When most people think of the capital city of Tanzania they assume its Dar es Salaam however it is actually Dodoma after it was designated
by then President of Tanzania, Mr. Julius Nyerere, as the capital in 1973. It was planned to move the National Assembly
there in 1976 although Dar es Salaam,
302 miles to its west, remains its commercial centre. In reality, Dar es
Salaam is the de facto capital as the planned move mostly failed to
materialise with the majority of ministries and embassies remaining in the 'former'
capital. The move was initially planed in 1959 to provide the soon to be
independent state (achieved 9th December 1961) with
a capital city that was more central and accessible to the whole country. In
the last few years Dodoma has grown in prestige with the opening of two new
universities, Dodoma University UDOM and Saint Johns University which has
diversified employment opportunities from its existing agricultural base.
Dodoma, located to the east of
Tanzania's southern highlands, was founded in 1907 during the
construction of the Tanganjikabahn (central line) 1000mm gauge railway built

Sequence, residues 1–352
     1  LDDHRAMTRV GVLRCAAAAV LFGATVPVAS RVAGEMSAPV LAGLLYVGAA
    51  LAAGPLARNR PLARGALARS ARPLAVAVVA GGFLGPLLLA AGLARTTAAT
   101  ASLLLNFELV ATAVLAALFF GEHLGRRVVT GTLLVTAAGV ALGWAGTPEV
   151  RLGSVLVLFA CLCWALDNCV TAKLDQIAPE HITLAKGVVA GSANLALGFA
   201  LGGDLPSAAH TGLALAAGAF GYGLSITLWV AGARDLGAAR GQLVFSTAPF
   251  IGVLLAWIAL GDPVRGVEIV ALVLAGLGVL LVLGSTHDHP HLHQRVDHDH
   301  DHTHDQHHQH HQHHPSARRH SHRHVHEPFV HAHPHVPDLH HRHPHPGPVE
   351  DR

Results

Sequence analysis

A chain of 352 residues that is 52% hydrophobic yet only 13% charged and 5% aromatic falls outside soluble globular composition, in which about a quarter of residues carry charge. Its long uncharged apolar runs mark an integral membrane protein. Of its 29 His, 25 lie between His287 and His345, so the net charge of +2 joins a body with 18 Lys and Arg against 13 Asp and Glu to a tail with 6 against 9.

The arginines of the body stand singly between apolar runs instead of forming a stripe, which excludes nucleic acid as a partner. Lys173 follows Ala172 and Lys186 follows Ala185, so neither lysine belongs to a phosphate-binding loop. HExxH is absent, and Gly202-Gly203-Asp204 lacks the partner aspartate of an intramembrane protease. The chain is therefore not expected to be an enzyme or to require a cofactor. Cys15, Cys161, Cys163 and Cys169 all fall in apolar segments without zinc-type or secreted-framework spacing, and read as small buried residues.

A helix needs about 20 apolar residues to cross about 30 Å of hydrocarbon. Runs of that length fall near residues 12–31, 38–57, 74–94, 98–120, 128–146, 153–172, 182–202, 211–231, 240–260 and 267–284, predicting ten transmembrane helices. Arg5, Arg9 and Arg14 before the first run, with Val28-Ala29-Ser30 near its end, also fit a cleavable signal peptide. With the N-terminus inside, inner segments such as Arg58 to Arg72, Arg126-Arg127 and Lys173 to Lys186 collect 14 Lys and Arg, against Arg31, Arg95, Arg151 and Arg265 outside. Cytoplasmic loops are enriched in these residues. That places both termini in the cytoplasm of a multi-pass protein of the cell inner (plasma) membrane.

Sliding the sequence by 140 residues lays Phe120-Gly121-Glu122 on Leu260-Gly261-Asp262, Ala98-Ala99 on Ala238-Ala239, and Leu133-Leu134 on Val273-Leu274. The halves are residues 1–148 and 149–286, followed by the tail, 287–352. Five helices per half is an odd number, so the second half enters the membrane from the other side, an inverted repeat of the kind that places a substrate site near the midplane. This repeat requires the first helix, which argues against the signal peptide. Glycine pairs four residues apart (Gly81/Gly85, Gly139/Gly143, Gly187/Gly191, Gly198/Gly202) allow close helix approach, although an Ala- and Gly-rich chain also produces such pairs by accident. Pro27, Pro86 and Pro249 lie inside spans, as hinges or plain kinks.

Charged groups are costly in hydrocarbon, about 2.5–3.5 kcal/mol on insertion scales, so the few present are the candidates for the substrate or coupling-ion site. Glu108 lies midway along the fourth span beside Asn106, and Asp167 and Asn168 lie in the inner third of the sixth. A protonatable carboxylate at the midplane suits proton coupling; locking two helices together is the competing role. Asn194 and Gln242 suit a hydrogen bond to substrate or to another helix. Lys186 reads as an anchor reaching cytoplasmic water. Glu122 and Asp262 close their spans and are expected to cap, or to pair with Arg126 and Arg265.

by Germany during its period of colonial rule of Tanzania, then Tanganyika. The railway,
which is intact today, runs from Dar es Salaam harbour on the coast, through Dodoma to Kigoma on Lake Tanganyika.
The railway was constructed to improve transport in the country and carry
agricultural crops to the coast for export. Dodoma was named after an alleged
incident when an elephant got stuck in the mud and locals exclaimed "Idodomya"
meaning "it has sunk" in the local Bantu language of Gogo. At that
time it was a recognised stopping point on the caravan route from the coast to
Lake Tanganyika. With a population today of just 180,551 is has grown steadily
since its founding however still has an antiquated feel with shops with tin
roofs and wooden shutters straddling it dusty streets. It is also the centre
of the country's developing wine industry.